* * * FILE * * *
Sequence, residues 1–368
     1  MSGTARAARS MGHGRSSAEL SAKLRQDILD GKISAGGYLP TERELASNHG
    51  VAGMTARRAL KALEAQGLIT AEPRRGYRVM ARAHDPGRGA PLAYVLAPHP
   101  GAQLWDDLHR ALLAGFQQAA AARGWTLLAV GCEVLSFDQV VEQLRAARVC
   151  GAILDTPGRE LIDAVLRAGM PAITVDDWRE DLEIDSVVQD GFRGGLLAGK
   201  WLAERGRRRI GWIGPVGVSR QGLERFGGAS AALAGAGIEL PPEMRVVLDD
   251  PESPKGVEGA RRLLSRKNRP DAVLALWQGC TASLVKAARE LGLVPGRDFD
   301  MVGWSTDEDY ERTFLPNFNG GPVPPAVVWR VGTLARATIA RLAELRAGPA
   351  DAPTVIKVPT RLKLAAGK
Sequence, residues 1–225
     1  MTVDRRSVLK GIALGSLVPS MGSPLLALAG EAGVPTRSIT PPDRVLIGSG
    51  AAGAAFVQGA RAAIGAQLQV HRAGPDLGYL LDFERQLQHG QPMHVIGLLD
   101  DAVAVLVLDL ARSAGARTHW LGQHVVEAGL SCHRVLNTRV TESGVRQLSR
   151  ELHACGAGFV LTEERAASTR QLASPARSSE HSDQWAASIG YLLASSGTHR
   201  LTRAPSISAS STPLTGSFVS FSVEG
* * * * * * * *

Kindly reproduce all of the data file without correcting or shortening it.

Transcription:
Sequence, residues 1–368
     1  MSGTARAARS MGHGRSSAEL SAKLRQDILD GKISAGGYLP TERELASNHG
    51  VAGMTARRAL KALEAQGLIT AEPRRGYRVM ARAHDPGRGA PLAYVLAPHP
   101  GAQLWDDLHR ALLAGFQQAA AARGWTLLAV GCEVLSFDQV VEQLRAARVC
   151  GAILDTPGRE LIDAVLRAGM PAITVDDWRE DLEIDSVVQD GFRGGLLAGK
   201  WLAERGRRRI GWIGPVGVSR QGLERFGGAS AALAGAGIEL PPEMRVVLDD
   251  PESPKGVEGA RRLLSRKNRP DAVLALWQGC TASLVKAARE LGLVPGRDFD
   301  MVGWSTDEDY ERTFLPNFNG GPVPPAVVWR VGTLARATIA RLAELRAGPA
   351  DAPTVIKVPT RLKLAAGK
Sequence, residues 1–225
     1  MTVDRRSVLK GIALGSLVPS MGSPLLALAG EAGVPTRSIT PPDRVLIGSG
    51  AAGAAFVQGA RAAIGAQLQV HRAGPDLGYL LDFERQLQHG QPMHVIGLLD
   101  DAVAVLVLDL ARSAGARTHW LGQHVVEAGL SCHRVLNTRV TESGVRQLSR
   151  ELHACGAGFV LTEERAASTR QLASPARSSE HSDQWAASIG YLLASSGTHR
   201  LTRAPSISAS STPLTGSFVS FSVEG